Kenneth L. Carder is a bishop in the United Methodist church in Nashville, TN.
This article appeared in the Christian Century, Aug. 27-Sept. 3, 1997, p.753, copyright by the Christian Century Foundation and used by permission. Current articles and subscription information can be found at www.christiancentury.org. This material was prepared for Religion Online by Ted & Winnie Brock.
Because we follow a crucified Christ, we enter into solidarity with the world’s suffering masses. We experience the power and love of God through the vulnerable and suffering.
Peter’s objection to Jesus’ promised suffering makes sense. He had made considerable sacrifice to follow Jesus. He and his brother Andrew had left a thriving fishing business and the security of their Galilean home when Jesus said, "Come, follow me." They staked their future on the assumption that Jesus was the long-awaited Messiah who would restore the fortunes of Israel and save the people.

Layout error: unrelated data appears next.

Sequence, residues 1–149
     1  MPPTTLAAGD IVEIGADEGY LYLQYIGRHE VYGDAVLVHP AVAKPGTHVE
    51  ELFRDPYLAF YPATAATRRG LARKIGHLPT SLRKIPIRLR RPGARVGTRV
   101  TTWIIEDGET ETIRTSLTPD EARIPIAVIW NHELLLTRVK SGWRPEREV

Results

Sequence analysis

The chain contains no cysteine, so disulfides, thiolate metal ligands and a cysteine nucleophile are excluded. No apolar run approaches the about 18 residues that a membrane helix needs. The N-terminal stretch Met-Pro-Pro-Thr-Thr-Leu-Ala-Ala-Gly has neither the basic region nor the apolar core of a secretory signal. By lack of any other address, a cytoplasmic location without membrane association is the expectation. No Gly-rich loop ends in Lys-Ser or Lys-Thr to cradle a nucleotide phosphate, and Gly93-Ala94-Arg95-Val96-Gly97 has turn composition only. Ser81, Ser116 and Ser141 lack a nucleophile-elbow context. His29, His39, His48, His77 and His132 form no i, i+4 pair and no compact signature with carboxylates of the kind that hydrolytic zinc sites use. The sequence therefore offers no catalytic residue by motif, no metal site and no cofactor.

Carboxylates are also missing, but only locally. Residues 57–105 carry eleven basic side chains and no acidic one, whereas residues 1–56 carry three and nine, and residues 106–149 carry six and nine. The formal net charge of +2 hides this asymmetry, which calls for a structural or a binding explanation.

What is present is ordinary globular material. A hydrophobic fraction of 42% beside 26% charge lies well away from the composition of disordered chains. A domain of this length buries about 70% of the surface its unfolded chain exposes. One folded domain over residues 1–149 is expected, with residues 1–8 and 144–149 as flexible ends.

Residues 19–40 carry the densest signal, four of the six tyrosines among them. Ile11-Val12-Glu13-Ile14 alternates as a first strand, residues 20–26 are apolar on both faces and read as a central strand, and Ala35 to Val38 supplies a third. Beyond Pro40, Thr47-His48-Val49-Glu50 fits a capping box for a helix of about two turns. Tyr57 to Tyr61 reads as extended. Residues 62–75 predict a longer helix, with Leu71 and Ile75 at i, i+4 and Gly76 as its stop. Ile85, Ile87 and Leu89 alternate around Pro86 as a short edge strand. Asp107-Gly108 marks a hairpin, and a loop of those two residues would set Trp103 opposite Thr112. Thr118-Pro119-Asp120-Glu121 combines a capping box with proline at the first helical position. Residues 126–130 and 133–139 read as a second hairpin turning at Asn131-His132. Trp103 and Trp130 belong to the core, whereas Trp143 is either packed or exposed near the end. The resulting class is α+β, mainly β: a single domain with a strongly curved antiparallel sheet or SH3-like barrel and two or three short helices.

Up to now, everything Peter had seen indicated that his sacrifices had been a good investment. Signs of God’s reign abounded in the life and work of Jesus. Peter had watched with excitement as Jesus cast out demons, healed the sick, cleansed the lepers, calmed the storm, raised the dead, fed the multitude and walked on water. These were only the foretaste of the coming end to suffering, poverty and oppression.
Then Jesus asked, Who do you say that I am? The answer seemed obvious: "You are the Messiah." But Jesus’ response threw Peter into a crisis of faith, shattering his expectations and his image of the reign of God.
Jesus began to teach the disciples that he would suffer, be rejected, killed and raised from the dead. Peter rebuked Jesus for talking about suffering and death. A messiah saves from suffering; a suffering messiah is unthinkable. But Jesus said to Peter, "Get behind me, Satan! For you are setting your mind not on divine things but on human things." Then Jesus said to the crowd, "If any want to become my followers, let them deny themselves and take up their cross and follow me."